The future of space exploration will consist of deep space missions like the one to Mars we have heard so much about. An essential element of any such mission is to have habitat module that can sustain an astronaut crew. In order come up with the best design, NASA has enlisted the help of six companies.
NASA has awarded six contracts, with a total value of $65 million, to various companies, as part of its second Next Space Technologies for Exploration Partnerships (NextSTEP 2) program to design habitats for future deep space missions including the one to Mars.
In 2015, the first NextSTEP program had the same purpose and involved four companies: Boeing, Lockheed Martin, Bigelow Aerospace and Orbital ATK. They have also been awarded a contract for NextSTEP 2, where they will focus on refining the original concepts of the habitat and eventually building them for ground testing. Each one of the companies involved is expected to contribute at least 30 percent of the total cost of the project they select.
The newest additions are teams led by NanoRacks and Sierra Nevada Corp., and they will focus on design studies rather than module prototypes over the two-year period of their contracts. The team from NanoRacks will study the feasibility of converting a Centaur upper-stage rocket into a habit module in an attempt to reduce costs.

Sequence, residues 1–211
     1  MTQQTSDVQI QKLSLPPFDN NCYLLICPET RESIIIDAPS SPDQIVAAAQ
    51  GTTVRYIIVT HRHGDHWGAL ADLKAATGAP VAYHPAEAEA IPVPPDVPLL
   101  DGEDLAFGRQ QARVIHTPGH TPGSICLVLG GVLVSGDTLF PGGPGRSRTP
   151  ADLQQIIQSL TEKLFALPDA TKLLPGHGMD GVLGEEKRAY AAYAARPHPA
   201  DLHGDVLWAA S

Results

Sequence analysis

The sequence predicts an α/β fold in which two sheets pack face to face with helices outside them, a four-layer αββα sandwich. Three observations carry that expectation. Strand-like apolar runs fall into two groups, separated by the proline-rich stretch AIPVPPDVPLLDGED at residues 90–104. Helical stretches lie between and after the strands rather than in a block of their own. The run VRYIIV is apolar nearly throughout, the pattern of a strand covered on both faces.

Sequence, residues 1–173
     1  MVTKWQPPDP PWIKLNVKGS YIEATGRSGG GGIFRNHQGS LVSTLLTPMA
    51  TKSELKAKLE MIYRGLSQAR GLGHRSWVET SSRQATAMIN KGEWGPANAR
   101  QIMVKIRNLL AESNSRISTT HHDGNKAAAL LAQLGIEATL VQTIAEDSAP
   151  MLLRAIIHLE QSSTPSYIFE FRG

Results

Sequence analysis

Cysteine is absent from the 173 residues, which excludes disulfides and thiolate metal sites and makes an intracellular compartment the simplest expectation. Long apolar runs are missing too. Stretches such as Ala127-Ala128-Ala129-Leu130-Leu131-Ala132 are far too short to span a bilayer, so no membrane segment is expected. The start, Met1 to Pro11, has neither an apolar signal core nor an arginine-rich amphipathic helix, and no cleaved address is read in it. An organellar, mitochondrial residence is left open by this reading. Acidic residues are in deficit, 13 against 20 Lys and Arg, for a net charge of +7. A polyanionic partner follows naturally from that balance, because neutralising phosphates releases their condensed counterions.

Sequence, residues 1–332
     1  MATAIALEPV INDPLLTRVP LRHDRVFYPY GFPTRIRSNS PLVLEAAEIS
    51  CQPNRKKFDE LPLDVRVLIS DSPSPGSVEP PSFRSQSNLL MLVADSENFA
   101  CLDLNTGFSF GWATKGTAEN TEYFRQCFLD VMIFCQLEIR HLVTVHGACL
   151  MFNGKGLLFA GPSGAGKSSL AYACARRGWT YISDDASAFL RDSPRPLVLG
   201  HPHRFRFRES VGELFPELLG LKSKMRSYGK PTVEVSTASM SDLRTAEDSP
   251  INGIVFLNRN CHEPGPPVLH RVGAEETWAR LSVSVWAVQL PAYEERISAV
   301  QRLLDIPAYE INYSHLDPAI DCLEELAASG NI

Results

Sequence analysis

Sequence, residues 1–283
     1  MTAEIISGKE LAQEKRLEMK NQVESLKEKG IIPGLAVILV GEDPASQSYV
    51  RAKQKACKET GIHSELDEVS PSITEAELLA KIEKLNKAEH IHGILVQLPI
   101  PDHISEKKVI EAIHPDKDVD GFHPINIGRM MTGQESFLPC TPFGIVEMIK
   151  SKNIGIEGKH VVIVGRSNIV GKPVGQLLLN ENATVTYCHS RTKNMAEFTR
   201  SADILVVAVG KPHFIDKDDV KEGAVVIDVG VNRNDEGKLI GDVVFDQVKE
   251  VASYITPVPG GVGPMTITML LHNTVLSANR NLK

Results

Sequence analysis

“This is the only strategy that nearly eliminates both fabrication and launch costs since the habitat has essentially already been built and the launch of the habitat is an inherent part of every Atlas 5 flight.”
For NASA, the NextSTEP 2 program represents a critical phase of its plans to create habitat able to support the crew of cislunar missions starting with 2020.
According to Jason Crusan, the director of NASA’s Advanced Exploration Systems :
“This is an important time frame because these ground prototypes allow us to do integrated form, fit and function testing to a high fidelity of the concepts that the industry has for meeting our requirements.”
A deep space habitat requires careful attention to detail to ensure the safety of the crew. It needs to be pressurized as any other spacecraft and then be able to integrate a series of systems such as life support, docking and radiation protection, with one another.
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